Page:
Dave Gallaher Ramelton Co Donegal
Dave Gallaher Ramelton was born to shopkeeper James Henry Gallagher and his wife Maria McCloskie, a teacher in Ramelton, on 30th October 1873. He was baptised in the First Ramelton Meeting House on 8th January 1874. His father ran a haberdashery shop at Market Cross, Ramelton in the premises now known as Crammond House.
The business was in decline and the family decided to emigrate to New Zealand in 1878 on the advice of Vesey Stewart who painted a glowing picture of what was offered in the Katikati settlement on the North Island. They left Ireland on the ship Lady Jocelyn on 15 May 1878. One of the children, James Patrick born 1878, was left in Ramelton in the care of the Corry family as he was considered too sickly to make the journey. It was the intention that he would join them later when he recovered. Sadly, this did not happen as he died in 1880.
The family eventually settled in Katikati and after his mother died Dave went to Auckland to find work. He came to prominence as a rugby player after joining the famous Ponsonby Rugby Football Club. His sparkling performances helped them to the Auckland Club Championship in 1897 and then was picked to represent the province.
In 1901 he enlisted with the New Zealand Mounted Rifles and fought in the Boer War distinguishing himself by winning the Imperial South African War Medal and returned home as a highly decorated Regimental Sergeant Major.
On returning to New Zealand he made his debut for the All Blacks in 1903. In a glittering career he played 36 games (27 as captain). He was chosen as captain for ‘The Originals’ tour to Britain and Ireland in 1905. They played 34 games on that tour and only lost one match at Cardiff. Dave was injured for the match against Ireland in Dublin and it is reported that he visited his old home in Ramelton and relations at Ardnaree (outside Ramelton) during his free time.
He retired from rugby after the tour and became a selector and coach to the team.
Dave Gallaher enlisted for service in the Great War in 1916 at the age of 42 after hearing of his brother Douglas’s death at The Battle of the Somme. He had two brothers who were killed in the war.
Dave was also subsequently killed at the Battle of Broodseinde in Belgium by a fragment of shrapnel. He was one of 449 New Zealanders killed in the battle and he is buried at the Nine Elms Cemetery, Poperinge, Belgium. His death was widely reported in the New Zealand papers. He is commemorated in Auckland by the Gallagher Shield, which is the provinces major Inter Club competition. His statue stands proudly outside the famous Eden Park Rugby Stadium in Auckland.
2005 All Blacks
In 2005 members of the All Blacks team visited Donegal prior to their match against Ireland in Dublin to celebrate 100 years since the Originals Tour. The new Rugby Pitch at Letterkenny Rugby Club was officially opened by them and is known as Dave Gallaher Park. They subsequently visited his birthplace at the house at Market Cross, Ramelton and crowd barriers had to be put in place outside the house, such was the local interest. Tana Umaga unveiled a plaque in honour of Gallaher above the old shop door. Ena Corry invited all the players into the house and some were so huge that they had to duck to get through some of the interior doors. We were told beforehand not to offer them any food as they were on strict diets but this soon went awry as they tasted Ena’s delicious shortbread. It was not long before a full box of shortbread was scoffed down. Ena was particularly attracted to Tana Umaga’s friendly personality and they spent a lot of time chatting beside the old Rayburn Cooker. The team subsequently attended an official reception at the Town Hall in Ramelton. Other famous people present on the day included Sir Brian Lahore, Joe Rokocoko, Neemi Tialata, Conrad Smith, Gerry Collins and Darren Shand as well as Tony Johnston from Sky TV New Zealand. The Irish Times covered the visit, as did The Telegraph and the BBC.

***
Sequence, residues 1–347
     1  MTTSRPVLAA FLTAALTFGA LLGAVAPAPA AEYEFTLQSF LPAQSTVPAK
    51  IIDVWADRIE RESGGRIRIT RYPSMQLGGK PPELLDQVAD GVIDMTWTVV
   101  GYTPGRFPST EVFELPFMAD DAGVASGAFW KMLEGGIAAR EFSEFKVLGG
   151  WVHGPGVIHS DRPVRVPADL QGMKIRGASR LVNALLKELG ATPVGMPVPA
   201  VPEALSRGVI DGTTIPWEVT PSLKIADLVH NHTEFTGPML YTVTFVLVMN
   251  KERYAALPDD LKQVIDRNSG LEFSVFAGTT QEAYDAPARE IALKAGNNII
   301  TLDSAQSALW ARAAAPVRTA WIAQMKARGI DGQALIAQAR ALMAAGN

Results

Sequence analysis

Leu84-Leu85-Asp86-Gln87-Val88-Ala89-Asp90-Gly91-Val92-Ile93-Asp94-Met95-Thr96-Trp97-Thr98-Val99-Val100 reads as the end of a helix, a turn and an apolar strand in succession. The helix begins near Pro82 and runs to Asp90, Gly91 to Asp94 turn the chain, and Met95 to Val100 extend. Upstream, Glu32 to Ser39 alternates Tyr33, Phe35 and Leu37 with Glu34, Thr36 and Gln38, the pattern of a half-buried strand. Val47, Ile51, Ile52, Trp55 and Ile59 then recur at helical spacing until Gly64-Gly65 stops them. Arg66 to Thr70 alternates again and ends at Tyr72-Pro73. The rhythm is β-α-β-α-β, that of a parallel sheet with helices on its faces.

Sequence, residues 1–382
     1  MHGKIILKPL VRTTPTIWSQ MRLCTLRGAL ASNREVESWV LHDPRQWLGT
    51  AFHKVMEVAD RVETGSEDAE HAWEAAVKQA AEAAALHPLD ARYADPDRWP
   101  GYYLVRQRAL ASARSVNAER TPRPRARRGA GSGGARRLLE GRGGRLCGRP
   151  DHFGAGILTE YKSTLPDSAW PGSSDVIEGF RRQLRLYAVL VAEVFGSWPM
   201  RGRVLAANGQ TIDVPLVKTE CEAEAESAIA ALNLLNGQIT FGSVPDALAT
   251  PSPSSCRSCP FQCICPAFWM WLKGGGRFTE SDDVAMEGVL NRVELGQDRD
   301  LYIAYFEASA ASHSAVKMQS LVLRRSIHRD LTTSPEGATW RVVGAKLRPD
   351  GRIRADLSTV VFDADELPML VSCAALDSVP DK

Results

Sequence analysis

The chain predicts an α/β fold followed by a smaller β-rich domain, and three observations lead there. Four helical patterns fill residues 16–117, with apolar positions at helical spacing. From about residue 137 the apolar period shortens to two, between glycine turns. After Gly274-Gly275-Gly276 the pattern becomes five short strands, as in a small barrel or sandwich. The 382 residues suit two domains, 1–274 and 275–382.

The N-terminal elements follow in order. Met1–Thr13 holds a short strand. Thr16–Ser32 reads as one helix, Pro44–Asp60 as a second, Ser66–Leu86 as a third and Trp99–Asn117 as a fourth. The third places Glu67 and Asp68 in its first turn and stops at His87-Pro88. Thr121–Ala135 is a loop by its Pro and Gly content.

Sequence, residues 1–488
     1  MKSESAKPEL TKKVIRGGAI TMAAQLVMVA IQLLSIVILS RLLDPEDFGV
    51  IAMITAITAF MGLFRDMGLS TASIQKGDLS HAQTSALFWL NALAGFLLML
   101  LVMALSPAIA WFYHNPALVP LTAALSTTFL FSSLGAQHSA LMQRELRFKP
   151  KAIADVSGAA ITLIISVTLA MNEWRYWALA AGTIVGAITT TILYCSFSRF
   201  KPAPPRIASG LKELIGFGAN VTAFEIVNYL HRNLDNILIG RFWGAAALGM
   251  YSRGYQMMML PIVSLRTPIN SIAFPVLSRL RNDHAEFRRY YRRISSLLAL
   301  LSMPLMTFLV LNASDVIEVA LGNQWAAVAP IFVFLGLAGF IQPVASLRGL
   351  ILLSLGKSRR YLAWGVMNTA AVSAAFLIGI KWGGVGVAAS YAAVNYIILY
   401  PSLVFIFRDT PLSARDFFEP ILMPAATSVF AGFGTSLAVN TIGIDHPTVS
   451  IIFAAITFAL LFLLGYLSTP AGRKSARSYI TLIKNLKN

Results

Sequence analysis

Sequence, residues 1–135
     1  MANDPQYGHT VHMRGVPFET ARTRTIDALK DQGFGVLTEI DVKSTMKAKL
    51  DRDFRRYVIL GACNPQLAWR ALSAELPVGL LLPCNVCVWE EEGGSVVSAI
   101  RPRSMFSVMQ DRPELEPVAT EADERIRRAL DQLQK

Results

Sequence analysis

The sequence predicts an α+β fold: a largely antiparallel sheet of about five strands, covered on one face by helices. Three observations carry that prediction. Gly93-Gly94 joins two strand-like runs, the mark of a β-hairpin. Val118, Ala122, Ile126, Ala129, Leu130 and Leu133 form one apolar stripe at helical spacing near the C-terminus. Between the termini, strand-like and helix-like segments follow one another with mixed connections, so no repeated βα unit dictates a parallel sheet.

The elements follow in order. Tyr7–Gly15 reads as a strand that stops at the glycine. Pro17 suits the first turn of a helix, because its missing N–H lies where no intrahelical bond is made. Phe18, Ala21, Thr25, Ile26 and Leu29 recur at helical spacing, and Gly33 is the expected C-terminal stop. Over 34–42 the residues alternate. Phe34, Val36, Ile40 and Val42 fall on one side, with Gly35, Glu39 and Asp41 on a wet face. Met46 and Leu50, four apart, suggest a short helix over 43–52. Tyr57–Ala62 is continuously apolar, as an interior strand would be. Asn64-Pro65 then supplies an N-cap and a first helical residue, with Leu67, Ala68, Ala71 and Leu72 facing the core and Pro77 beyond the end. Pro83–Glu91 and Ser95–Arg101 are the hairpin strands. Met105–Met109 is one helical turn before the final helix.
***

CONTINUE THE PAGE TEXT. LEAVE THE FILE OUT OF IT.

The house was host to The New Zealand Ambassador, Representatives from the New Zealand Ireland Association, New Zealand Rugby Union, Irish Rugby Football Union, Letterkenny Rugby Club and also The Dave Gallaher Society who organised the visit.
They were all very impressed with the local hospitality and the visit was widely reported in the local and national press and in New Zealand.
In 2012 we had another visit from the All Blacks when Bryan Williams, who was the New Zealand Rugby Union President at the time. Also present were Billy Glynn, IRFU President and Mark Anscombe who was Ulster Rugby Coach. Bryan Williams told me he played in the famous game at Thomond Park where Munster beat the All Blacks in 1978.
Bryan said he didn’t have a good day and was actually dropped for the International match against Ireland the following Saturday. As luck would have it his replacement got injured before the match and he got back in the team and played against Ireland.
100 Year Commemorations
In October 2017, Drew and Christine Corry travelled to Belgium with a contingent from Letterkenny Rugby Club to attend the 100 year commemoration of Dave Gallagher’s death in the Battle of Broodseinde near Passchendaele on 4th October 1917. We were honoured to attend the various services in particular the one at Nine Elms Cemetery at Poperinge. The regulation gravestone No 32513 bears the silver fern and gives his age as 41.
During the renovations to Crammond House in November 2017 we found the names of the six Gallaher children written on a wall in the attic. The names are listed as follows
William, Tommy, David, Joseph, Molly and Oswald. They were written on the wall prior to their departure for New Zealand in 1878, some of them never to return. The names will be preserved as they are now covered with a glass panel.
For more on Dave Gallagher see Wikipedia.